We may never know the secret behind the Mona Lisa’s inscrutable smile — but Leonardo da Vinci’s iconic 1503 oil portrait has let slip one of its other secrets.
French researchers used a high-resolution camera that can capture light from beyond the visible spectrum to study the masterpiece in unprecedented detail.
The images revealed charcoal dots that are traces of a technique — known as ‘spolvero’, or ‘pouncing’ — used to transfer outlines from one sketch to a new panel.
While spolvero is a common technique, this is the first time that it has been conclusively proven that the final Mona Lisa was based on a preparatory sketch.
The researchers also found evidence that da Vinci had edited the Mona Lisa as he finished the work, with her left hand being in a slightly different position in the trace.
Furthermore, some of the spolvero dots appear to correspond to an earlier, abandoned project that da Vinci painted the Mona Lisa on top of.
The art technique of pouncing is not dissimilar to that of method used to copy an image via tracing paper, as might be familiar from school art classes.
To perform the transfer, the artist makes holes — either directly into the original sketch, or into tracing paper placed over over it — tracing the outlines of the image as a series of tiny dots.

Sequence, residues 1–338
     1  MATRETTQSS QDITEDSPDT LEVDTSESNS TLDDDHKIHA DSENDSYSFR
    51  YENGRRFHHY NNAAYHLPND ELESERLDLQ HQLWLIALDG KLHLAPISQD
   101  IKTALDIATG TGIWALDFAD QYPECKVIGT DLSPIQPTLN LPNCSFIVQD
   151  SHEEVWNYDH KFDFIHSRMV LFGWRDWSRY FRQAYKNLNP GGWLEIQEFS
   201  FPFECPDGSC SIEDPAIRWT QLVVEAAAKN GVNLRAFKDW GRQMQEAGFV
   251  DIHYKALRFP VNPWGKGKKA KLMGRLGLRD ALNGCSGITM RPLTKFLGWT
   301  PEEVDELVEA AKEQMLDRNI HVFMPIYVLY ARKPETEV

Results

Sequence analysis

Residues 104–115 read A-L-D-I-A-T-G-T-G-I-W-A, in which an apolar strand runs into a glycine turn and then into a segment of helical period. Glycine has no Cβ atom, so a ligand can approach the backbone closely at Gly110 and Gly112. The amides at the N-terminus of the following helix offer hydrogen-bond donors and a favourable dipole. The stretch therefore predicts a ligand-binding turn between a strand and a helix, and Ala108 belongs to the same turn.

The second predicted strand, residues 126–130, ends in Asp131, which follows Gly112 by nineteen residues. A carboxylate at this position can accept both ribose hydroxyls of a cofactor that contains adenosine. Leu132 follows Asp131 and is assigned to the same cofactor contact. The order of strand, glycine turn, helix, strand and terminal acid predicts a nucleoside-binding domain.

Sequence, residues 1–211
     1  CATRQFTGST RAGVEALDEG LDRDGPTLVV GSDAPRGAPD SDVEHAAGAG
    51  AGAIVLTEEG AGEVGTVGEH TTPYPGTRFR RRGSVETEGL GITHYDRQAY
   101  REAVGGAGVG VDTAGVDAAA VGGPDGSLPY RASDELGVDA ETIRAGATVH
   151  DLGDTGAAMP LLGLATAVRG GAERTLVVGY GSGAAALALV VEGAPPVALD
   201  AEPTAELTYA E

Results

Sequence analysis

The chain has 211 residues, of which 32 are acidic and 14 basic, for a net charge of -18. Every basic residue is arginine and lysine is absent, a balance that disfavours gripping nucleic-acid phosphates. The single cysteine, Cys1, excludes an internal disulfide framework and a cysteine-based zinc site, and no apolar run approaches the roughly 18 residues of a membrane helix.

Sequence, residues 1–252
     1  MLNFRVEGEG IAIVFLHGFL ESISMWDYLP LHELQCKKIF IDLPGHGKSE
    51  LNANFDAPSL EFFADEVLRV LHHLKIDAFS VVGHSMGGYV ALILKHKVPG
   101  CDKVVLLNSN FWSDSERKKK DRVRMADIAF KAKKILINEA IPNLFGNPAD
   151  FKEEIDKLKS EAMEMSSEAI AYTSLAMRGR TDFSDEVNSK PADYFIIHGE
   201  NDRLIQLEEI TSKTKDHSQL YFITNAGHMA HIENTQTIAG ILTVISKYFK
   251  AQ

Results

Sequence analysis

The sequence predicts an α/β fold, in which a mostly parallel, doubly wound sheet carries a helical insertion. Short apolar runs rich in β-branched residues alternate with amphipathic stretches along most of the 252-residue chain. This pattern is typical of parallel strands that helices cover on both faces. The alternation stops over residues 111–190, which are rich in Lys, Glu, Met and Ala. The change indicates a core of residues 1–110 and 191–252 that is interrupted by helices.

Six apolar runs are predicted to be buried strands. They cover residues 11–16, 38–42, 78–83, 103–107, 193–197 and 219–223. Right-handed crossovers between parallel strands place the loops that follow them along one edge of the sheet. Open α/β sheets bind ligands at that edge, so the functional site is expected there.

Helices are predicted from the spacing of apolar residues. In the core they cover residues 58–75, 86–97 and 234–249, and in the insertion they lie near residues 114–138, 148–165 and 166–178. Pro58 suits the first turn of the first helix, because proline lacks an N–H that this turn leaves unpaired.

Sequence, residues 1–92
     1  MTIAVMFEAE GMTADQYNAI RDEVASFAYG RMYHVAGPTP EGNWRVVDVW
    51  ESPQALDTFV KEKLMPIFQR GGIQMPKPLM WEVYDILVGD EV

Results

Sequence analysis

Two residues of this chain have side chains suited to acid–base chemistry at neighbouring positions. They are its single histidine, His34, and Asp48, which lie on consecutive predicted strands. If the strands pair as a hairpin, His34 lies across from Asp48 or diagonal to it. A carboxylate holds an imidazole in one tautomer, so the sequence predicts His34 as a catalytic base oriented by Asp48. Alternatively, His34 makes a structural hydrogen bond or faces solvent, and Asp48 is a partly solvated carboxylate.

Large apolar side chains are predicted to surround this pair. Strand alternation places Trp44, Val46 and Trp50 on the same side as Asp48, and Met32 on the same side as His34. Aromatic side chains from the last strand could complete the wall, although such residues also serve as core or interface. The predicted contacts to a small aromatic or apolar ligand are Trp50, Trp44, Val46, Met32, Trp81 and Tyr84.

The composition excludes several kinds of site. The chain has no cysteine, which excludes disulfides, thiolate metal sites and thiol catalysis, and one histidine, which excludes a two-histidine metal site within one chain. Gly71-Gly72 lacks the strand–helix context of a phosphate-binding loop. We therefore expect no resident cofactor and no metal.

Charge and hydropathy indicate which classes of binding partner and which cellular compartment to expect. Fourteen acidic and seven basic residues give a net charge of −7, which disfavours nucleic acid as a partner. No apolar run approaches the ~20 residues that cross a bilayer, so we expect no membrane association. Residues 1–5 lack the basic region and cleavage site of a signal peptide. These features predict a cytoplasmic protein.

This perforated template is then placed over the final canvas and a powder — such as graphite, chalk or pastel — is forced through the holes, leaving a ‘join-the-dots’ style copy of the original sketch on the surface where the work will be finished.
Pouncing is ideal for use when one’s canvas is unforgiving of mistakes, such as when creating an engraving, or — in the case of the Mona Lisa — painting on poplar wood that had been painstakingly prepared over the course of up to a decade.
Leonardo — who learned his craft under fellow Italian master Andrea del Verrocchio — would have been accustomed to painting on such wooden panels which would have been dried and treated with a mix of glue, chalk and white pigment.
This creates a smooth, silky surface on which a work can be painted — with guidance from the spolvero dots transferred from preparatory sketches.
‘There are many spolveri in other portraits painted by Leonardo,’ explained paper authors Pascal Cotte and Lionel Simonot.
For instance, they continued, the tracing marks can be seen in ‘The Lady with an Ermine, Ginevra de’Benci and La Belle Ferronnière.’
‘Therefore, it was surprising that none were discovered [before] in Mona Lisa.’
The traces reveal the da Vinci made a number of changes to the Mona Lisa from his original sketch to the finished work.
In the near-infrared part of the spectrum, for example, the team found evidence that the fingers of Mona Lisa’s left hand had originally been intended to be in a slightly different position.
Messrs Cotte and Simonot also discovered evidence that the Mona Lisa was painted on a board previously used for an aborted project — such reuse would not have been uncommon, given the time and expense that went into preparing the poplar panels.
The evidence came in the form of what appears to be a hair needle with a pearl — a common symbolic adornment added to figures in portraits.
‘This preparatory drawing […] was found in the sky to the right of Mona Lisa’s head. It is strange because it does not touch the edge of the head. It seems to belong to a previous project that Leonardo abandoned,’ the researchers wrote.
The full findings of the study were published in the Journal of Cultural Heritage.